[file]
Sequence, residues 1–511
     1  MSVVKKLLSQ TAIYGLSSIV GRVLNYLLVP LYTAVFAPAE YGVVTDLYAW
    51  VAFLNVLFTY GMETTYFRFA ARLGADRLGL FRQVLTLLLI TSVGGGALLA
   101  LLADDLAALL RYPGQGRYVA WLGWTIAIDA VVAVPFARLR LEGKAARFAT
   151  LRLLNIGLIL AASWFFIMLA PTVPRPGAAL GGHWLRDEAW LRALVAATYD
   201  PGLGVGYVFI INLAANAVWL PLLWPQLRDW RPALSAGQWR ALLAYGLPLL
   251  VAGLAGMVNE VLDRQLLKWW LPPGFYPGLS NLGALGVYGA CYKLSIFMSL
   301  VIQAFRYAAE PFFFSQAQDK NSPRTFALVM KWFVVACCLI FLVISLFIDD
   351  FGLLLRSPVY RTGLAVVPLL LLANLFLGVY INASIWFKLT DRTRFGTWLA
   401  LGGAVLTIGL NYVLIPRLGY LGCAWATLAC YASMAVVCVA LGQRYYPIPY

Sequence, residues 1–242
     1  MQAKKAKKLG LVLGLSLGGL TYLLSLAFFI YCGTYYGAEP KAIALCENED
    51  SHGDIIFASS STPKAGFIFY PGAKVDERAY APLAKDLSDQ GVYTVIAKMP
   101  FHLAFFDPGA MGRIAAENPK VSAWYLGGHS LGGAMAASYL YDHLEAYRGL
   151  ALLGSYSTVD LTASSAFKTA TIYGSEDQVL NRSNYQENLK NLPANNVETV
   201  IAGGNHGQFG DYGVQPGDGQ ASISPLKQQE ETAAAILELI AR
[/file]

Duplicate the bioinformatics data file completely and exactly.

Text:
Sequence, residues 1–511
     1  MSVVKKLLSQ TAIYGLSSIV GRVLNYLLVP LYTAVFAPAE YGVVTDLYAW
    51  VAFLNVLFTY GMETTYFRFA ARLGADRLGL FRQVLTLLLI TSVGGGALLA
   101  LLADDLAALL RYPGQGRYVA WLGWTIAIDA VVAVPFARLR LEGKAARFAT
   151  LRLLNIGLIL AASWFFIMLA PTVPRPGAAL GGHWLRDEAW LRALVAATYD
   201  PGLGVGYVFI INLAANAVWL PLLWPQLRDW RPALSAGQWR ALLAYGLPLL
   251  VAGLAGMVNE VLDRQLLKWW LPPGFYPGLS NLGALGVYGA CYKLSIFMSL
   301  VIQAFRYAAE PFFFSQAQDK NSPRTFALVM KWFVVACCLI FLVISLFIDD
   351  FGLLLRSPVY RTGLAVVPLL LLANLFLGVY INASIWFKLT DRTRFGTWLA
   401  LGGAVLTIGL NYVLIPRLGY LGCAWATLAC YASMAVVCVA LGQRYYPIPY

Sequence, residues 1–242
     1  MQAKKAKKLG LVLGLSLGGL TYLLSLAFFI YCGTYYGAEP KAIALCENED
    51  SHGDIIFASS STPKAGFIFY PGAKVDERAY APLAKDLSDQ GVYTVIAKMP
   101  FHLAFFDPGA MGRIAAENPK VSAWYLGGHS LGGAMAASYL YDHLEAYRGL
   151  ALLGSYSTVD LTASSAFKTA TIYGSEDQVL NRSNYQENLK NLPANNVETV
   201  IAGGNHGQFG DYGVQPGDGQ ASISPLKQQE ETAAAILELI AR